A Kiwi greengrocer’s instructions for new employees has gone global after a disgruntled dad shared a portion of them online – but the man behind the list says the international headlines don’t tell the full story.
The list went viral after it was tweeted out by the father of a former employee of The Fresh Market in the Tauranga suburb of Gate Pā.
It made headlines for UK publications such as The Sun, The Mirror and the Daily Mail and was shared around the world.
“My kid recently left her job at a local retailer (which employs mostly 16-year-olds to pay well under minimum wage),” the tweet read.
“This is a letter she received from the boss when she arrived on her first day on that job.”
The list of rules, which has been circulating online since the early days of the internet, is often quoted as coming directly from software mogul Bill Gates.
According to myth-busting website Snopes.com, the list was in fact created by Charles J. Sykes, author of the 1996 book Dumbing Down Our Kids: Why American Children Feel Good About Themselves But Can’t Read, Write, Or Add.
Examples of the advice given on the list include:
•Life is not fair. Get used to it.
• The real world won’t care as much about your self-esteem as much as your school does.
• If you think your teacher is tough, wait ’til you get a boss.
• Flipping burgers is not beneath your dignity. Your grandparents had a different word for burger flipping. They called it opportunity.
• Your school may have done away with winners and losers. Life hasn’t.
Comments flooded in on the now-deleted tweet, with some saying the list was “insulting” and “sad”.
Others agreed with the sentiment, with one user writing: “It’s spot on and exactly what needs explaining to the kids these days!!”.
'What we try and do is help people'
None of the overseas reports named the business or the boss in question, but the Herald tracked David Stewart down at The Fresh Market to see if he stood by the advice.
When the Herald called this morning he was busy mucking in at his business and initially reticent about stepping into the spotlight.
“I think you guys should be reporting on some of the more important things in New Zealand like the spiralling crime rate, the roads that are s***, the hospitals that are buggered and the schools that are buggered,” he said.
Stewart told the Herald that claims he paid under the minimum wage were totally untrue.
He said that the online complaint was the first of its nature that he had received in his four-decade career, adding that he thought it was typical of a modern, online world where the full story is not always presented.
He had a message for some of the “keyboard warriors” who had criticised the list.
“If people have something to say to you or about you, why don’t they just do it in person?” he asked.
He said the note was part of a wider suite of tips and tools that he provided to new employees, including information on how to be smart with their earnings and choose a Kiwisaver plan that best fits their goals.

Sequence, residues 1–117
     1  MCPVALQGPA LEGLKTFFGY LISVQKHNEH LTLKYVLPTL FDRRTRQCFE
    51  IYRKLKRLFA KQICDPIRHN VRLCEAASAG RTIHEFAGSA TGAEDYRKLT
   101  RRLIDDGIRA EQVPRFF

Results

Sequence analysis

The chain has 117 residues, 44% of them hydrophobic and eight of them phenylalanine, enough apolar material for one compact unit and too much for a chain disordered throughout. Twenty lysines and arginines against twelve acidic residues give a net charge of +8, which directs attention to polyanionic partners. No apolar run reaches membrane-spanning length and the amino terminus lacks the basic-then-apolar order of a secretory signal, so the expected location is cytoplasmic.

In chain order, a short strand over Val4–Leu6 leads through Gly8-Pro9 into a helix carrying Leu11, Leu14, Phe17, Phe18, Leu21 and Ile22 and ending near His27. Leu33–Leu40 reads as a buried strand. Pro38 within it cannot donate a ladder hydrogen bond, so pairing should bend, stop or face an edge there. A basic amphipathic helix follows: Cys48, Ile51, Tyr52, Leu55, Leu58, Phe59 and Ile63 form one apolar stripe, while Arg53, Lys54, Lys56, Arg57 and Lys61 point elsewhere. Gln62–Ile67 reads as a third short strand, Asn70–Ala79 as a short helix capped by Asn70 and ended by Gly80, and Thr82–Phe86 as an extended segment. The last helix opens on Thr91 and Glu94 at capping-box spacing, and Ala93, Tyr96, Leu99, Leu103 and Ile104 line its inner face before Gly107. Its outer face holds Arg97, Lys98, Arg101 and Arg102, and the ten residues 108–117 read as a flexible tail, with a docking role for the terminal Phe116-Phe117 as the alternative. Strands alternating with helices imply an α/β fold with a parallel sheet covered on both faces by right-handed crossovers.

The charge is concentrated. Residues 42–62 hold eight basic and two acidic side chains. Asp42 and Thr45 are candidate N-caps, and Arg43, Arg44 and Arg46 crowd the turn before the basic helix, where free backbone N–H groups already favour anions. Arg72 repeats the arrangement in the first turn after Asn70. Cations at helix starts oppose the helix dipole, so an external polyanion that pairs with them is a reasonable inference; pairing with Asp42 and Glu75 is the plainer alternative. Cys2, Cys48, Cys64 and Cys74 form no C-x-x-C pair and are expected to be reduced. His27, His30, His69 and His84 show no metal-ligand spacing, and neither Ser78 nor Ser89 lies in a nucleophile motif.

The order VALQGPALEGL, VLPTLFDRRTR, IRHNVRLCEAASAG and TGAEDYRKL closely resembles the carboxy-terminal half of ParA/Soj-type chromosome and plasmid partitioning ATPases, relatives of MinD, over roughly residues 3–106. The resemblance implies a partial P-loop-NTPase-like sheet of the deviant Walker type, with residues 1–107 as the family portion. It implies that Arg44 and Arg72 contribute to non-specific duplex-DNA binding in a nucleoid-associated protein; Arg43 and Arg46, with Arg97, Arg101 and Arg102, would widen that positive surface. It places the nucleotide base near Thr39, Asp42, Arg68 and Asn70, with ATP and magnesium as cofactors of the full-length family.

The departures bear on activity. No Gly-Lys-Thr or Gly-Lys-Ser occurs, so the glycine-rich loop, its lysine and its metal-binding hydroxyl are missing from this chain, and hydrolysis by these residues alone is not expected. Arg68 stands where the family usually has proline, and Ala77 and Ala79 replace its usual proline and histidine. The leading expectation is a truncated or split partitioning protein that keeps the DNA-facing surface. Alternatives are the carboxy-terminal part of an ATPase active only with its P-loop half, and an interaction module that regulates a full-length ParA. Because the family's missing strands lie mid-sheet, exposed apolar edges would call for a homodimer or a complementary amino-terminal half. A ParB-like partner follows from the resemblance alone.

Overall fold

“What we try and do is help people,” Stewart said.
He said he also coached new employees in effective customer service – and the potential cost to the business if customers were treated poorly.
The greengrocer said that he did occasionally hire the odd bad apple, but had employed “thousands” of hard-working young people in his time.
“This is not a holiday park working here, we deal with fresh produce. We do the same thing every – but the rules change every day. It depends on weather, it depends on supply, it depends on all sorts of things.”
Stewart said his business started at 5am and finished at 6pm and was open six and half days a week.
“They have to work. They are paid good money,” Stewart said, stressing that his staff were always paid above minimum wage.
“Always have and always will be,” he said.
He said that he had witnessed “massive” changes in the young people he took under his wing and had ongoing, positive relationships with many of his former employees.
He cited one current part-time employee who is leaving school this year with his own vehicle and over $25,000 in the bank from “working hard”.
“No one’s gonna support him.”
He said he had other employees who had won scholarships to university, including one who returned fortnightly to work weekends for him.
“These are keen young people and going for all sorts of different occupations, amazing young people”.
He admitted that the advice was now decades old, but it still had the ability to “make people think about what they’ve got to do”.
Asked if the list was simply common sense, Stewart gave a knowing laugh.
“Do they have it? They don’t have any practical sense at all mate, they don’t have anything at all. They have parents who run around and do things for them all the time.”
Stewart said that current Government policy such as one year free at university was doing young Kiwis no favours.
“Life isn’t easy mate, it ain’t fair. Get used to it,” he said.
“We all work. We all get up, we go to work, we do whatever is required. There are 25 people here and they are all happy as and every other business I know is exactly the same.”
He said finding good employees was a problem across New Zealand.
“It’s very difficult employing people in general. It’s very easy for people not to work.”
Stewart is currently looking for part-time employees.
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